General Jackson's room (right)
A portrait of Rachel is over the mantel so Jackson could see it (in his words) "the first thing in the morning and the last thing at night." Rachel passed 17 years prior to Jackson's passing.
- A portrait of Little Rachel, Jackson's granddaughter, is over the dresser. She and her grandfather often walked the grounds together.
- Jackson passed away at the age of 78 in this bedroom.
- On the dresser are Jackson's brushes as well as two Chinese Mandarin scent bottles and a jewel box that belonged to Rachel.
- The black tobacco can on the bedside table is one he actually used.
- A green French teapot has a place for a candle underneath to keep tea hot.
- Two vases on the mantle also belonged to Rachel.
- Since the mansion did not have bathrooms, you will see a washstand set by the door used by Jackson. It also includes a foot tub, the only one at the residence.
- The bed and window dressings are reproductions of ones used during winter months.
- The bedspread is a duplicate of one Rachel made with the embroidered initials "R.J."
- The wallpaper in this room is original.
Andrew Jackson Jr. & Sarah York Jackson (left-beside stairs)
The nephew of Rachel Donelson Jackson was adopted by President and Mrs. Jackson as a baby and raised as their own. Andrew Jr. managed the plantation during Jackson's tenure at the White House. He inherited the home from Jackson. He now lies in state at the family cemetery in Rachel's Garden.
- Original Mahogany poster bed (one of eight purchased by Sarah after the 1834 fire)
- Many of the furnishings are original.
Steward's Room / Nursery (left)
Originally used as a room for an overseer, the room was used as a nursery for the children of Andrew Jr. and Sarah York Jackson. This room was later used to display relics belonging to the Jackson family.
- President Jackson's swords and pistols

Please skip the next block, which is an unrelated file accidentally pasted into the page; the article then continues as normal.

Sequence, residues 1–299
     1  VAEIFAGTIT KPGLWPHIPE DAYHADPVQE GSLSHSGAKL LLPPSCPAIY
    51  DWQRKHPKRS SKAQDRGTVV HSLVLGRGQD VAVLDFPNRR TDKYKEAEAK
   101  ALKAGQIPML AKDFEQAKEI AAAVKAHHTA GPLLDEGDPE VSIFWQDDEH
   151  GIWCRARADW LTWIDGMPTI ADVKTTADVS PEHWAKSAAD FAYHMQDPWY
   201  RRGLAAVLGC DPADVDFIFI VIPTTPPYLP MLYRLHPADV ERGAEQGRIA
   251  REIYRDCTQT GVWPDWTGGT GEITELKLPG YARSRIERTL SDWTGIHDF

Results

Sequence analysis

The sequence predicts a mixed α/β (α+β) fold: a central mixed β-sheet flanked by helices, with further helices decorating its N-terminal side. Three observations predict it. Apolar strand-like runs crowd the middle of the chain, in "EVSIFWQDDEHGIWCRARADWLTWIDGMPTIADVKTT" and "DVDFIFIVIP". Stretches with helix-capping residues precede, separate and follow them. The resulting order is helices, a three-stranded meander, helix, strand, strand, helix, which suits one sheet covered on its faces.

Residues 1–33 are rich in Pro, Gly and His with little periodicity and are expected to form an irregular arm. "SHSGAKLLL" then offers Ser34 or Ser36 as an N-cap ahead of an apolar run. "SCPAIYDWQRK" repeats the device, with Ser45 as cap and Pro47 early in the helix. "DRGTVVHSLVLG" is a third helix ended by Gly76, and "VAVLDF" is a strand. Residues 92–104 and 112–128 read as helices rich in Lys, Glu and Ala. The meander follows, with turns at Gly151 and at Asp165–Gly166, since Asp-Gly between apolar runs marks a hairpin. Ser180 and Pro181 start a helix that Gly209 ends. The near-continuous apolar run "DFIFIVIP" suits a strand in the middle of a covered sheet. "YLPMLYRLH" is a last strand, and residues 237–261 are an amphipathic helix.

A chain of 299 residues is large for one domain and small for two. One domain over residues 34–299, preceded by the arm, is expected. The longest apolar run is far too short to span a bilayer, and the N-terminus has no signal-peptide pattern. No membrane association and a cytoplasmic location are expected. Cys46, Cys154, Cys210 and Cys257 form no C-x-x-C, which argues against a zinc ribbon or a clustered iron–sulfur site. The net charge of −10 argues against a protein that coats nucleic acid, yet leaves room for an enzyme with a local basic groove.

- President Jackson's prayer book
- A silver communion/christening cup
- Gold spurs
- Epaulette's and stirrups
- Dress suit
- Rachel's lace cap and veil
- White House silver
- The portrait over the mantel is of the Talmadge twins from New York. They were namesakes of Andrew & Rachel.
Family Room (right)
The family room was used by Andrew Jackson, Jr., Andrew Jackson Donelson, and Andrew Jackson Hutchings. This was also Little Rachel's room, Jackson's granddaughter.
- Rosewood furniture instead of the Mahogany is found throughout the rest of the home. The furniture was a gift to Little Rachel by her husband, Dr. John H. Lawrence.
- The portrait of Little Rachel was done when she was 80 years old, by Edith Fisher, as a gift from Andrew Jackson. Note the miniature of her grandmother, Rachel.
- The quilt was made by Little Rachel.
Earl's Room (left)
Once occupied by Ralph E.W. Earl, an artist who married a niece of Rachel's. His wife passed away early in life but he was taken in as permanent member of the household.
Lafayette's Room/Guest Chamber(straight ahead through the hall to the on the other side of the staircase)
Visitors would sometimes stay a week or possibly even to the extent of years in these rooms as traveling wasn't as easy as it is today.
- French armchair given to the Hermitage by General Lafayette's grandson in 1890. It was believed that General Lafayette spent the majority of the time as a guest of the home. Thus giving the room it's name.
- The wallpaper and furnishings in the rooms are original.
- The carpeting is replica.
- Masonic candlestick in the room was used by President Jackson.
Down the spiral staircase and out the rear door onto the rear patio. As you turn to your left and this will take you to the hall leading to the..
- Storage Pantry (here begin looking for the buttons for the audio tour that will play on speakers above)
- Service Pantry (button)
- Dining Room (this also gives another glimpse into the back parlor)
Back out of this area and the kitchen is straight across the corridor. It is separated from the house to prevent risk of fire as well as to eliminate noise, heat and odors of cooking to the inhabitants of the house. Dishes prepared in the kitchen were then transported to a room directly opposite the kitchen door for maintaining warmth. From there, each course was taken to the dining room.
- Open fireplace where family meals were prepared.
- Drum-shaped churn
- Mortar and pestle used for mixing and crushing herbs and spices.
- Brass preserving kettles
- Large china water cooler.
Turn to your left, proceed down the steps and around the right side of the building to Andrew Jackson's smokehouse,built in 1831.
- This smokehouse was one of the best known in the south for the curing of meat.
- On the west side of the smokehouse is an original vat where ham was cured for three to four weeks at a time.Following the curing time, the ham was washed of salt and dried. Then it was hung in the smokehouse for three to four additional weeks and smoked by a slow burning fire. The meat would then remain there until it was needed for a meal.